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Is Obama's Nuclear Posture Review in safe hands?

ASK THIS | August 17, 2011

The general outline of the U.S.'s new nuclear war plan has been set by President Obama, who says we should be working our way to a world without nuclear weapons. But the details are being written by a national security bureaucracy that has a big stake in the nuclear status quo. And it's all happening in the dark. Can reporters bring the process into public view?

Editor's note: In April 2009, President Obama famously promised to "reduce the role of nuclear weapons in our national security strategy," and expressed "America's commitment to seek the peace and security of a world without nuclear weapons."

A year later, Obama released his Nuclear Posture Review, laying out new, more limited rules for the use of nuclear weapons and at least in theory moving us closer to his vision of the future. 

But now the actual implementation of these new rules is in the hands of the nuclear-weapons bureacracy. 

Robert S. Norris, a senior fellow at the Federation of American Scientists and co-author of a recent article for the Bulletin of the Atomic Scientists, is concerned that this process is taking place outside of public view, and suggests some questions reporters should be asking about it.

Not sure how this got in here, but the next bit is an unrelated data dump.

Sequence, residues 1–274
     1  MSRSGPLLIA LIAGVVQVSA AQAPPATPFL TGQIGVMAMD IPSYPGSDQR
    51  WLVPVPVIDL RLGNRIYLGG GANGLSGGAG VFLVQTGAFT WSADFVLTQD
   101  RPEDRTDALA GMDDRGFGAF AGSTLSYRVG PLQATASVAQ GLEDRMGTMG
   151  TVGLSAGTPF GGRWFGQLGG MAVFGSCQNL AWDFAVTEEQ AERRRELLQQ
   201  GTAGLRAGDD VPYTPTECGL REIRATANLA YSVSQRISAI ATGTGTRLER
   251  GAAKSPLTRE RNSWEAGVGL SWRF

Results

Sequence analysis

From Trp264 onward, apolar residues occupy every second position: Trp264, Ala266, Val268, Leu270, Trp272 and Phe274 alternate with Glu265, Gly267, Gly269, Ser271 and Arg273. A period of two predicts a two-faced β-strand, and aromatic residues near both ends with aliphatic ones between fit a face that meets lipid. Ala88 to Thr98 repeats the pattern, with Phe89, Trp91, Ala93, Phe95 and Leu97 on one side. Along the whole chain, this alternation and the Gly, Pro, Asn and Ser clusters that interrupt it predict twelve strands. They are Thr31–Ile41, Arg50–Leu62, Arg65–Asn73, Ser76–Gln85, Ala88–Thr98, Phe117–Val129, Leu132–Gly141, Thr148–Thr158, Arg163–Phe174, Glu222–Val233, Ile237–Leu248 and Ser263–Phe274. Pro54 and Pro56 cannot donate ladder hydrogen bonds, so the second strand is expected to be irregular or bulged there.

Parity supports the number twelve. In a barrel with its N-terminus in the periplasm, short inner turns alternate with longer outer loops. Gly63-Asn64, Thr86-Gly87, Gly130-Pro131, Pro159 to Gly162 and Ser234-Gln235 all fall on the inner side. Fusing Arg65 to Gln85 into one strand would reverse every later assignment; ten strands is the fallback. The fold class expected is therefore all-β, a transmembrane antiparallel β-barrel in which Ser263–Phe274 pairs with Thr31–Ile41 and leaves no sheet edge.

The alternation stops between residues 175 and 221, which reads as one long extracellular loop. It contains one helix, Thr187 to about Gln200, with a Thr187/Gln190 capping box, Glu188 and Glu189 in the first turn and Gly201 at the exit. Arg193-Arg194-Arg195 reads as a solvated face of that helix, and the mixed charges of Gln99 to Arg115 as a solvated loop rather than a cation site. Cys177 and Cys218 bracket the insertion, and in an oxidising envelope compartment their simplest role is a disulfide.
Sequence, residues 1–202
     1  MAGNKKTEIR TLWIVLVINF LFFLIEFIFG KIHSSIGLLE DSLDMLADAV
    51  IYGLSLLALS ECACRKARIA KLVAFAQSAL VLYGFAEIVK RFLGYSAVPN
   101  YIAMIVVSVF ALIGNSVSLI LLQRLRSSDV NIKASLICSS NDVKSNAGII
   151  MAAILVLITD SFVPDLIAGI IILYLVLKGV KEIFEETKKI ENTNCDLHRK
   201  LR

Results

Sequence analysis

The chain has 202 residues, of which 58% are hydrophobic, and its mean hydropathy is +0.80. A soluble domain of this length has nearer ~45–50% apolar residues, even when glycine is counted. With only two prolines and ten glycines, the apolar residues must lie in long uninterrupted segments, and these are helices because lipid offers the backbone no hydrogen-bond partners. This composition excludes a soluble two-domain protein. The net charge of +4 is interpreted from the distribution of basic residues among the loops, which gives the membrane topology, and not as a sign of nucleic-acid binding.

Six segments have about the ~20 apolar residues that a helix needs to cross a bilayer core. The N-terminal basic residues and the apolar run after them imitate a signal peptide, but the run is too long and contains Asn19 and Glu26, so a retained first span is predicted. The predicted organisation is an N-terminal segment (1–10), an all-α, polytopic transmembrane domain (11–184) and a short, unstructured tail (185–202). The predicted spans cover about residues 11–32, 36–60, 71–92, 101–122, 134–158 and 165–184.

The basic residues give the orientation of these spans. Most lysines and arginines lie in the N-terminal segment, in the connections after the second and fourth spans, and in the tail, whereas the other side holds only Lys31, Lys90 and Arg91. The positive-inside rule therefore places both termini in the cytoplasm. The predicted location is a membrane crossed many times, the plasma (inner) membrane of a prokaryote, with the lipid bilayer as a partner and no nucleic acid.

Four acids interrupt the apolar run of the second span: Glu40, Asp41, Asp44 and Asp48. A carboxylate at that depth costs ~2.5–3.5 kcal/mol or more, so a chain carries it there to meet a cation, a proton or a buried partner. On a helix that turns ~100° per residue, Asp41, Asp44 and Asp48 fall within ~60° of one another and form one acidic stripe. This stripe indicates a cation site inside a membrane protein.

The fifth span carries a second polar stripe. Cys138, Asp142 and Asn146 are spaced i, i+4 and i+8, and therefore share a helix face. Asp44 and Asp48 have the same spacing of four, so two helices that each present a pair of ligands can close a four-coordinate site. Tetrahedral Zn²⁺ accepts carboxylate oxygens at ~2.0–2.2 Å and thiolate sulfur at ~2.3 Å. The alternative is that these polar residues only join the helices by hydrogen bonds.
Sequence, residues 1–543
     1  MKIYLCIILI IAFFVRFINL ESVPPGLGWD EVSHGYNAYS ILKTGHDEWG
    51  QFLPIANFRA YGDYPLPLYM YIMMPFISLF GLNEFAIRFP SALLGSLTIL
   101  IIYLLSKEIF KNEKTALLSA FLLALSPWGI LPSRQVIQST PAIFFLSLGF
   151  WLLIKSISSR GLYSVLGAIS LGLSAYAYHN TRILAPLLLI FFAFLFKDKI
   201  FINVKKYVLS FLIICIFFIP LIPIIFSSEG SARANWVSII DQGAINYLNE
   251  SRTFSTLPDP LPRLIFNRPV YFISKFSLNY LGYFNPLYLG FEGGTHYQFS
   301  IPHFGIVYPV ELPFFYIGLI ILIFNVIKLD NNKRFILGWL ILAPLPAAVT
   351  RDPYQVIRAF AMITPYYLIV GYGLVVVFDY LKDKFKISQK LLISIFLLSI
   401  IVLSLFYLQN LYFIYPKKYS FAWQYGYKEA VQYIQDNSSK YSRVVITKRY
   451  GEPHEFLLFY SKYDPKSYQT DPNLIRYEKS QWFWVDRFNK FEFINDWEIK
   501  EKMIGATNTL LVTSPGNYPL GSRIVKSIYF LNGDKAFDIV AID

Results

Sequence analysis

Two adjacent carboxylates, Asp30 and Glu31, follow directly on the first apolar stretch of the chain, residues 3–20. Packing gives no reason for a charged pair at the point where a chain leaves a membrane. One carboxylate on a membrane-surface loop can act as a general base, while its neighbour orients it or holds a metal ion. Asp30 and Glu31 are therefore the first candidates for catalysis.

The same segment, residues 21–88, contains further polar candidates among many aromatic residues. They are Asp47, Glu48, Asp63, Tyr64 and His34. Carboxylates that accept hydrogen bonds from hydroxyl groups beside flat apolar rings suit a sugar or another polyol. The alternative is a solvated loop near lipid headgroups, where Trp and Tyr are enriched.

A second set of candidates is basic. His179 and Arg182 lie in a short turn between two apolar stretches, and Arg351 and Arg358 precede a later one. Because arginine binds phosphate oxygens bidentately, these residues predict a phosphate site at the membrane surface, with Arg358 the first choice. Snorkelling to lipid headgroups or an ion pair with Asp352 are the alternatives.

By Robert Standish Norris

The United States still has thousands of nuclear weapons and the Nuclear Posture Review process is about creating a plan for how they might be used. It's an enormously difficult topic for a journalist to report, as it concerns very highly classified matters. Nevertheless certain questions could be posed to officials to try and understand what is occurring. 

Q. Has the process of implementation of the NPR begun?  If so, how far along is it? 

Q. Have the White House and the National Security Council provided detailed instructions to direct the Pentagon as it translates broad goals and concepts into more specific plans?

Q. Who are the key players involved? Is there a specific person who oversees the entire process?

Q. Will the absence of General James Cartwright make any difference in the outcome?

Those who support Obama's goals of less reliance on nuclear weapons saw Cartwright as a key alley. As head of Strategic Command from 2004 to 2007, Cartwright was in charge of developing our nuclear war plan -- and carrying it out. But he also had many other responsibilities with conventional missions, and it was generally held that he saw little utility in nuclear weapons.  In 2007, he became Vice Chairman of the Joint Chiefs of Staff and it was said that Obama relied on him for advice. But he was passed over when Army General Martin Dempsey was made chairman of the Joint Chiefs, and retired this month.

Q. Is there resistance to those goals in the Pentagon, or elsewhere? From whom?


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